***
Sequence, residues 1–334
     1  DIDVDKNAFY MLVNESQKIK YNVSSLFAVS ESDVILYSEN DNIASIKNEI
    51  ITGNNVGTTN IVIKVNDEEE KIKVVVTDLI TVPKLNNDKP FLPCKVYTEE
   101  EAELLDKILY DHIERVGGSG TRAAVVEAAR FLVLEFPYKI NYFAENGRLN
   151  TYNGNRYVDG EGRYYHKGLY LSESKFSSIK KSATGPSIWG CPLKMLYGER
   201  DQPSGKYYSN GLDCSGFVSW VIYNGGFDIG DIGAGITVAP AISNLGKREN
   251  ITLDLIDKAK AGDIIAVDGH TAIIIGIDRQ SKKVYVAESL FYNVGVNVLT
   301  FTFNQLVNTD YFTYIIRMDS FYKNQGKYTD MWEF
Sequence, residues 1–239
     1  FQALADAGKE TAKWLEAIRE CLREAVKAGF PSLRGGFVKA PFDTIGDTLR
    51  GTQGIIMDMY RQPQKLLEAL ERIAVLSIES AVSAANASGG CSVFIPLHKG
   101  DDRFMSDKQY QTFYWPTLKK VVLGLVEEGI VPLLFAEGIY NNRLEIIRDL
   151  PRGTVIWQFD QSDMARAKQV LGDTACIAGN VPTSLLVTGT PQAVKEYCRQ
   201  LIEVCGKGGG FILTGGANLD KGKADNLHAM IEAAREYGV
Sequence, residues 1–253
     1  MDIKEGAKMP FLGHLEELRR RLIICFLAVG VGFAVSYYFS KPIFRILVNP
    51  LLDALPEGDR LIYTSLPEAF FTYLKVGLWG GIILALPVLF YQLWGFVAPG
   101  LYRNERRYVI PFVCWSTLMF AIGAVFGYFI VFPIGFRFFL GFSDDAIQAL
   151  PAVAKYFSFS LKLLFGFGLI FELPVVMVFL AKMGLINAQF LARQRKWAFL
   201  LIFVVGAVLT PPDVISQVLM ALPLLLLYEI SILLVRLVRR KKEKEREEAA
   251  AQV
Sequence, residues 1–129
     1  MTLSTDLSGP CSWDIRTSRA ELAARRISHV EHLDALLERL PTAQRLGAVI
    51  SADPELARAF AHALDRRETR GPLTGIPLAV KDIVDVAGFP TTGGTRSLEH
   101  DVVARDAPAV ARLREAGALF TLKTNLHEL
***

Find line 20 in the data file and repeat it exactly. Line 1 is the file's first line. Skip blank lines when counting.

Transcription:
   201  LIFVVGAVLT PPDVISQVLM ALPLLLLYEI SILLVRLVRR KKEKEREEAA